Last week, Hanoi police determined that the cause of the mini apartment fire in Hanoi that killed 56 people and injured dozens was an electrical short circuit on a gasonline-engine motorbike. The information dispelled rumours that the cause of the fire was a fault in an e-bike.
However in recent days, as a result of the rumours, owners of all types of buildings in the city introduced rules to limit the charging of e-bikes in basements and centralised parking areas. Some localities even issued a document prohibiting the charging of electric vehicle (EV) batteries in apartment basements.
|Added spark wanted for EV charge stations, illustration photo |
27-year-old Nguyen Huong Giang, a resident of Thanh Xuan district in Hanoi complained, “The building owners and their management boards agreed that there are no EVs allowed, and no-one is allowed to recharge in the building. So where can I park my e-bike and how can I charge it?”
There are many others like Giang. On a Vietnam EV community forum of 58,000 members, many owners believe they are being forced into a corner. “Electric cars are a fairly new trend here and people often do not fully understand them. So these vehicles are often blamed if a fire incident occurs,” said Vu Ngoc Khiem, chairman of the University of Transport Technology. “The energy transition and the use of EVs to replace vehicles with internal combustion engines is an inevitable trend and a commitment of the government.”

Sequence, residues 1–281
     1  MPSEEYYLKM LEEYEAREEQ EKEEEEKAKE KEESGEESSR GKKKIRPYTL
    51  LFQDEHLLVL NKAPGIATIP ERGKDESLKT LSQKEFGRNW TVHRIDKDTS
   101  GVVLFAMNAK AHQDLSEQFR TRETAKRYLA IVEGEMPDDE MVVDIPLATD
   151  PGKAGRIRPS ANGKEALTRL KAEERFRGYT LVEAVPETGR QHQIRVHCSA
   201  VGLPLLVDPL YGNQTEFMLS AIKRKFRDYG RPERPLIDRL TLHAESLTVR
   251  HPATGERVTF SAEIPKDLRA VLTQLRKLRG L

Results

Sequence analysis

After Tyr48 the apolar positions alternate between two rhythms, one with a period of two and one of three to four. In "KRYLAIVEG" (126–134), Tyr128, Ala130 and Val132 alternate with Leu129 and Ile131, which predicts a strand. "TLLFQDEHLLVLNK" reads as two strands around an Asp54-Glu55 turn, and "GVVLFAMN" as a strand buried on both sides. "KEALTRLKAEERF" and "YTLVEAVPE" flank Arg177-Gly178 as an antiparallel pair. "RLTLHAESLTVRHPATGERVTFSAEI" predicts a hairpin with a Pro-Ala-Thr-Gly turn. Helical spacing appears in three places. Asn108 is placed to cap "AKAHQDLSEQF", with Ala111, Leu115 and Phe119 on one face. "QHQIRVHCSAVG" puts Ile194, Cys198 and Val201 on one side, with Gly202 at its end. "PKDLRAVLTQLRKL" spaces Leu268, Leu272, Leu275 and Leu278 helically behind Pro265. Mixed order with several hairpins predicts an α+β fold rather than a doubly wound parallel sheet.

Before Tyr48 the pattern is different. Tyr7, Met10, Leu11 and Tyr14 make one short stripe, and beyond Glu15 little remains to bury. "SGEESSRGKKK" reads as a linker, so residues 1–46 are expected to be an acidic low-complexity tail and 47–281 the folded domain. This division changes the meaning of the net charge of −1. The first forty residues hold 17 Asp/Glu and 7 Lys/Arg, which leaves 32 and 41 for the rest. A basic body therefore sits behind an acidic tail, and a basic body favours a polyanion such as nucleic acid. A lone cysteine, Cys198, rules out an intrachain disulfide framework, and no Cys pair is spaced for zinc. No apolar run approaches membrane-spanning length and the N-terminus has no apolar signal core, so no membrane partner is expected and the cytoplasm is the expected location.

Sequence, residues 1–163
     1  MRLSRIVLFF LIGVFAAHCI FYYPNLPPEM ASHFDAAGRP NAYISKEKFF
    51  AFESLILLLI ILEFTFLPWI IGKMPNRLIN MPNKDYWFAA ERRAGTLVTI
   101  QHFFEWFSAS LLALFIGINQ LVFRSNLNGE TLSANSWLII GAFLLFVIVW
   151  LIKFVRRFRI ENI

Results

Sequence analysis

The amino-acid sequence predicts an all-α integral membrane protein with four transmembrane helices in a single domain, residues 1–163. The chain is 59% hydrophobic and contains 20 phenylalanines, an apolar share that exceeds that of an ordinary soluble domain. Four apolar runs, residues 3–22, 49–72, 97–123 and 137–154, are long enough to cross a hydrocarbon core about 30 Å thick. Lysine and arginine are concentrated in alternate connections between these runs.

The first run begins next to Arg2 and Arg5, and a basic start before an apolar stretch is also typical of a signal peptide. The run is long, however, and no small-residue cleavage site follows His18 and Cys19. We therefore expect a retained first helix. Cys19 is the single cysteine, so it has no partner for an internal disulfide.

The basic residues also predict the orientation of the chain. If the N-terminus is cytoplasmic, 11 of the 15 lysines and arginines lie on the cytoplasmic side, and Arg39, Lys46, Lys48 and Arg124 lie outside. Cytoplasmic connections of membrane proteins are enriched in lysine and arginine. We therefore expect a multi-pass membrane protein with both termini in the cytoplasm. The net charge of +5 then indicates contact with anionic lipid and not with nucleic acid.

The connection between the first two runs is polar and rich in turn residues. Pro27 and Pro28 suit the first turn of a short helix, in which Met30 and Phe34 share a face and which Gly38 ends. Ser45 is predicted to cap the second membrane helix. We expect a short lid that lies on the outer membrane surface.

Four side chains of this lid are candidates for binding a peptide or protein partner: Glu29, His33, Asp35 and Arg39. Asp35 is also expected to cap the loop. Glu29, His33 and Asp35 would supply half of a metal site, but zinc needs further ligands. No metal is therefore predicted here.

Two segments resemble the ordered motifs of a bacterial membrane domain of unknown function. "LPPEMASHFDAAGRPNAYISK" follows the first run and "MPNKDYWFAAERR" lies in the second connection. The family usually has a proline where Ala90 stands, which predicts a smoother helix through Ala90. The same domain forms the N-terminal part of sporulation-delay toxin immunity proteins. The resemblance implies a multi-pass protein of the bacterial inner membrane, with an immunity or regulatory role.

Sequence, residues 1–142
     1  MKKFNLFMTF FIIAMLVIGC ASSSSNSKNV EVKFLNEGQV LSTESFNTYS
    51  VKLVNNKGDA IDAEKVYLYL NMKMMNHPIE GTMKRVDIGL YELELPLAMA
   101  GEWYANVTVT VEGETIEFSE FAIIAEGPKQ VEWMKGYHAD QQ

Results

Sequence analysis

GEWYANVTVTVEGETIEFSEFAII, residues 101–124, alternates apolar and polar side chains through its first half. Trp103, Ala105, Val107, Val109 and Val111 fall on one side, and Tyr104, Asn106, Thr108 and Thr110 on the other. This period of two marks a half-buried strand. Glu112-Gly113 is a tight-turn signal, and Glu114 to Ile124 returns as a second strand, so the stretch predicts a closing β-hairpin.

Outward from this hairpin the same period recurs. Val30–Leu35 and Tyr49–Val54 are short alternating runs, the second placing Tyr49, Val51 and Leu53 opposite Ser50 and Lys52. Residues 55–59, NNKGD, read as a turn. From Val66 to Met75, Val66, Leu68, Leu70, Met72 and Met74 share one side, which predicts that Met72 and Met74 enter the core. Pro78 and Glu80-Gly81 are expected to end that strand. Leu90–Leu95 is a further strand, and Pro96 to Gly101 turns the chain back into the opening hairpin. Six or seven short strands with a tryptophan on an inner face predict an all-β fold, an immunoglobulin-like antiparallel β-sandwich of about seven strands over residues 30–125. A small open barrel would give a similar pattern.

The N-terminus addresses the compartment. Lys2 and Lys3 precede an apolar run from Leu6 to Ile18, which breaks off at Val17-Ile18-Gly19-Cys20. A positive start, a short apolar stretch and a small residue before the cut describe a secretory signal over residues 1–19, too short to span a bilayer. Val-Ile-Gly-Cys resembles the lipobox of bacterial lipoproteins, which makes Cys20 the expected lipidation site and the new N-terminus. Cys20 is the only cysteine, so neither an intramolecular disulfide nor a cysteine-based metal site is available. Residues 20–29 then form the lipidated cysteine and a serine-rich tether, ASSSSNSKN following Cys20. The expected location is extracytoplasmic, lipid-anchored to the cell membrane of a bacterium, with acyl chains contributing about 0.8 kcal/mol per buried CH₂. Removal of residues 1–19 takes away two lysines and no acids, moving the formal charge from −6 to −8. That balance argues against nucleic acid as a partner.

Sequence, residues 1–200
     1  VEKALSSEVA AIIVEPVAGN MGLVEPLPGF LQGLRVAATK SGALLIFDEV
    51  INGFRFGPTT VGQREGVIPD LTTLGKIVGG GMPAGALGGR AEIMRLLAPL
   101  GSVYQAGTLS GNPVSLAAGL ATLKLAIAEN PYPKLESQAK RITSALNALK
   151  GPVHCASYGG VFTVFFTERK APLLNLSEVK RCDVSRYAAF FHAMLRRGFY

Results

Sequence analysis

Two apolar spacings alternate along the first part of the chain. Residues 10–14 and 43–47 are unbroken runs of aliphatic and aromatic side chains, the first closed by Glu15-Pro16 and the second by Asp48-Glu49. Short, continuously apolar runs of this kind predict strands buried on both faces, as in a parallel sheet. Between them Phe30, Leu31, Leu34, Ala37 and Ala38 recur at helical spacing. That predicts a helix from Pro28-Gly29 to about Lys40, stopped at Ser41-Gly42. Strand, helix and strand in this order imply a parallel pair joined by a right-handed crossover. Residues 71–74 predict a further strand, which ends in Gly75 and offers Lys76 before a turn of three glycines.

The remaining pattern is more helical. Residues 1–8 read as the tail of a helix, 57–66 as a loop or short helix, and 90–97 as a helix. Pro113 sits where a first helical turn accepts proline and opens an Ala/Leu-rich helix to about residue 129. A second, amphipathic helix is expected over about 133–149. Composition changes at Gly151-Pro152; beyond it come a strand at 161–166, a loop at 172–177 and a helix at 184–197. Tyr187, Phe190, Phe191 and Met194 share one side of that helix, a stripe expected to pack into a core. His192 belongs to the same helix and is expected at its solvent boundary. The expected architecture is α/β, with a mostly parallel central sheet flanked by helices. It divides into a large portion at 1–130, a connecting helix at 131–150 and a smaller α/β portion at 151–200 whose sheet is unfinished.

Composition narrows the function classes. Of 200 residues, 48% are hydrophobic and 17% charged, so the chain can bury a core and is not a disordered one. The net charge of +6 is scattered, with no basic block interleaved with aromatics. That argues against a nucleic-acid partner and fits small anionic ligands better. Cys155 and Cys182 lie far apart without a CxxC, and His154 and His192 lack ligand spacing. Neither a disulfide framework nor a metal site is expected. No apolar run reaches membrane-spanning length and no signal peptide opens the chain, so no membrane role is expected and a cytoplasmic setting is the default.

This is not the first time that EVs have been wrongly blamed for causing fires or explosions. Still, experts said that these vehicles are not at all flammable as many people mistakenly believe, and the risk of fire and explosion in petrol vehicles is likely to be higher due to the engines inside.
“Personally, I support tightened management in apartment buildings for EV charging to ensure safety, but it must be coupled with proper solutions,” said Giang from Thanh Xuan district. “Apartment buildings should arrange separate charging areas for these types of vehicles, with 24/7 supervision and charging fees as well as storage fees.”
The fire incident, despite not being caused by EVs, has nevertheless highlighted the challenges for Vietnam in ensuring it can withstand the pressure of widescale use of a new type of vehicle in the long term.
According to the Ministry of Transport (MoT), at the end of 2022 the country had almost 7,800 e-cars on the road. Since the beginning of 2023, that number has increased to almost 12,300 units. To ride on the wave of acceptance, a series of domestic manufacturers and assemblers such as TMT Motor, THACO, and TC Motor, and foreign names like Wuling, Haima, Haval, and Zhidou launched the first EV products in Vietnam. Meanwhile, by the end of 2022, the country had nearly two million registered e-bikes, up 30-35 per cent compared to 2021.